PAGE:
# Changeset 1407

Ignore:
Timestamp:
Aug 31, 2011, 3:13:36 PM (8 years ago)
Message:

Minor bug fixes

Location:
docs/HPCA2012
Files:
10 edited

Unmodified
Removed
• ## docs/HPCA2012/01-intro.tex

 r1405 \begin{figure} \begin{center} \includegraphics[width=85mm]{plots/performance_energy_chart.pdf} \end{center} \caption{XML Parser Technology Energy vs. Performance} \label{perf-energy} \end{figure} Figure~\ref{perf-energy} showcases the overall efficiency of our framework. The Parabix-XML parser improves the performance %by ?$\times$ performance %by ?$\times$ and energy efficiency %by ?$\times$ several-fold compared \begin{comment} Figure~\ref{perf-energy} is an energy-performance scatter plot showing the results obtained. With all this XML processing, a substantial literature has arisen addressing XML processing performance in general and the performance of XML parsers in particular.  Nicola and John specifically identified XML parsing as a threat to database performance and outlined a number of potential directions for potential performance improvements \cite{NicolaJohn03}.  The nature of XML APIs was found to have a significant affect on performance with event-based SAX (Simple API for XML) parsers avoiding the tree construction costs of the more flexible DOM (Document Object Model) parsers \cite{Perkins05}.  The commercial importance of XML parsing spurred developments of hardware-based approaches including the development of a custom XML chip \cite{Leventhal2009} as well as FPGA-based implementations \cite{DaiNiZhu2010}.  However promising these approaches may be for particular niche applications, it is likely that the bulk of the world's XML processing workload will be carried out on commodity processors using software-based solutions. To accelerate XML parsing performance in software, most recent work has focused on parallelization.  The use of multicore parallelism for chip multiprocessors has attracted the attention of several groups \cite{ZhangPanChiu09, ParaDOM2009, LiWangLiuLi2009}, while SIMD (Single Instruction Multiple Data) parallelism has been of interest to Intel in designing new SIMD instructions\cite{XMLSSE42} , as well as to the developers of parallel bit stream technology \cite{CameronHerdyLin2008,Cameron2009,Cameron2010}. Each of these approaches has shown considerable performance benefits over traditional sequential parsing techniques that follow the byte-at-a-time model. \end{comment} \begin{figure} \begin{center} \includegraphics[width=85mm]{plots/performance_energy_chart.pdf} \end{center} \caption{XML Parser Technology Energy vs. Performance} \label{perf-energy} \end{figure} The remainder of this paper is organized as follows. Section~\ref{section:background} presents background material on XML Section~\ref{section:scalability} compares the performance and energy efficiency of 128 bit SIMD extensions across three generations of intel processors and includes a comparison with the ARM Cortex-A8 Intel processors and includes a comparison with the ARM Cortex-A8 processor.  Section~\ref{section:avx} examines the Intel's new 256-bit AVX technology and comments on the benefits and challenges compared to Parabix XML parser which seeks to exploit the SIMD units scattered across multiple cores.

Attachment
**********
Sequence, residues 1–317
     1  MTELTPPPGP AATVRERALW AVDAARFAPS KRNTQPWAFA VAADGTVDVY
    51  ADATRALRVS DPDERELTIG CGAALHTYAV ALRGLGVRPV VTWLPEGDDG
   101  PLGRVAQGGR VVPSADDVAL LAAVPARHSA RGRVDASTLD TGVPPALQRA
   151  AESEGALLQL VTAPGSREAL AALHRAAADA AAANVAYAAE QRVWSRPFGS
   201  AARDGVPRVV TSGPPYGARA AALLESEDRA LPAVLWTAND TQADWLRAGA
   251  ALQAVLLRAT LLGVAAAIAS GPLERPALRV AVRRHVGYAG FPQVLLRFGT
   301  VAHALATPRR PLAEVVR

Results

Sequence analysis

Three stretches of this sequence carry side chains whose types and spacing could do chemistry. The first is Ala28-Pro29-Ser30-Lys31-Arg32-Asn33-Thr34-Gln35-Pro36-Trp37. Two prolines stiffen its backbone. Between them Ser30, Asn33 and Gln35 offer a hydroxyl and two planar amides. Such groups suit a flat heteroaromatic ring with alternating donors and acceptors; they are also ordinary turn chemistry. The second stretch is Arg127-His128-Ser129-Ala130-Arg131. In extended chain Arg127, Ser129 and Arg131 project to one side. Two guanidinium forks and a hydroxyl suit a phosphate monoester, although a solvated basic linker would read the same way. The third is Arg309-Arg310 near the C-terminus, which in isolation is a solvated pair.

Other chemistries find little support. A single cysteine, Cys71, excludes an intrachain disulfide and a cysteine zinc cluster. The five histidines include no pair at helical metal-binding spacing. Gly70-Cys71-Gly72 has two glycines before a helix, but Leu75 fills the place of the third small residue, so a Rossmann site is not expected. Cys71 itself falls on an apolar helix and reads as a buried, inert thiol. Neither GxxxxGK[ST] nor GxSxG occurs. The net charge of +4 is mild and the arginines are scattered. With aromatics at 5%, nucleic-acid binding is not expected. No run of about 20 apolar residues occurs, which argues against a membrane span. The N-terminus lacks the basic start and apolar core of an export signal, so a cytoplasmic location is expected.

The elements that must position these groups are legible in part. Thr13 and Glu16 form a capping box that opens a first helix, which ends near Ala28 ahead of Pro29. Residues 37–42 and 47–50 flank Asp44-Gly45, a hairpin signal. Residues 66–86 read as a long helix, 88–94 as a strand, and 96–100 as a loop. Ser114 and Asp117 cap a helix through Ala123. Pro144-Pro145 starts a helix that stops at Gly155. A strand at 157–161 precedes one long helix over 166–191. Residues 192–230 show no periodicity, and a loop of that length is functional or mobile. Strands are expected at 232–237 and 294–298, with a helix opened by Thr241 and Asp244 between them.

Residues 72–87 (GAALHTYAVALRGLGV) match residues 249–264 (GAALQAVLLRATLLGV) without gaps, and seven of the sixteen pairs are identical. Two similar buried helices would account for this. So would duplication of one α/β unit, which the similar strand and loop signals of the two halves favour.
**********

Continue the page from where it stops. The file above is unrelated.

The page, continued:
• ## docs/HPCA2012/03-research.tex